Foggy Signs: Dark Ecological Queerings in Lars von Triers "Antichrist"

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This article draws on the rich ecocritical scholarship that has burgeoned in the twenty-first century to posit that queer representations of the environment that blur Romantic human/non-human dualism can challenge and nuance our discussion of the present ecological crisis. Lars von Trier’s infamous film Antichrist, I argue, presents the viewer with such a queer vision of dark ecology. This is not a harmonious and peaceful vision of Romantic nature, but the environment as a mesh, a place where the very division between ‘nature’ and ‘culture’ is consistently undermined. ‘Nature’ in von Trier’s cinematic world represents all the invasive aspects of our biological surroundings that humans have sought to flee for millennia by producing shelter and culture. Antichrist has been called a psychological thriller or horror film, but it can also, I argue, be appropriately defined as a primary and genre-defining artwork of dark ecology.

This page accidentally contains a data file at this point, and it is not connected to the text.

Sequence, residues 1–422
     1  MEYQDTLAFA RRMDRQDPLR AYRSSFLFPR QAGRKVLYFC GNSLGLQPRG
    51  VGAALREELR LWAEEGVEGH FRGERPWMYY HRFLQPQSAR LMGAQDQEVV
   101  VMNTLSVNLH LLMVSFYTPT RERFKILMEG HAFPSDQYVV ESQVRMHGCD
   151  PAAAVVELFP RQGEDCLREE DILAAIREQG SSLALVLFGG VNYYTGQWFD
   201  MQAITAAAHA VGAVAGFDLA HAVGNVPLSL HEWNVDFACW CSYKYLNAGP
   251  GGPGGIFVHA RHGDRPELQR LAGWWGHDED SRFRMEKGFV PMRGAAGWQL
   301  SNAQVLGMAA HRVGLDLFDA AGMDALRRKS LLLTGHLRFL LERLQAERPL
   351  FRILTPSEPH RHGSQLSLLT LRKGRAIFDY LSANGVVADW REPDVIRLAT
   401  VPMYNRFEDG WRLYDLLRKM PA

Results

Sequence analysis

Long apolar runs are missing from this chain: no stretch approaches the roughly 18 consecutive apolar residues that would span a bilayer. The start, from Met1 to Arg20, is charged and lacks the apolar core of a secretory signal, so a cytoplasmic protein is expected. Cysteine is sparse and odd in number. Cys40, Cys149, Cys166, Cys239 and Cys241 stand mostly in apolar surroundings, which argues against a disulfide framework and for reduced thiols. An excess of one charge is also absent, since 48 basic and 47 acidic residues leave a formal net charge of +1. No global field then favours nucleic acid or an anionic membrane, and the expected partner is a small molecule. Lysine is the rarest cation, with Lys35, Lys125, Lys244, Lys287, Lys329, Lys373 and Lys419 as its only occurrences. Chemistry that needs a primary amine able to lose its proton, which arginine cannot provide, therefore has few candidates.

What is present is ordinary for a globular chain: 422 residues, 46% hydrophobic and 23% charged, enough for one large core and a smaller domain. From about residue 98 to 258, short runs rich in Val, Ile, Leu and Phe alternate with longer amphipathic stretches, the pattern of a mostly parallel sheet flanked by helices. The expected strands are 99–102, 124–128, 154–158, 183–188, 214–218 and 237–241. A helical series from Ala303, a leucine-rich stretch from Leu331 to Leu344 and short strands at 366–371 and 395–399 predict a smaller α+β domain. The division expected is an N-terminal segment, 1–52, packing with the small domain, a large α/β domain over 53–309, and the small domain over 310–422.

TidsskriftJournal of Scandinavian Cinema
Sidetal (fra-til)123-134
StatusUdgivet - aug. 2018


  • ecocriticism, dark ecology, danish cinema, lars von trier, queer ecology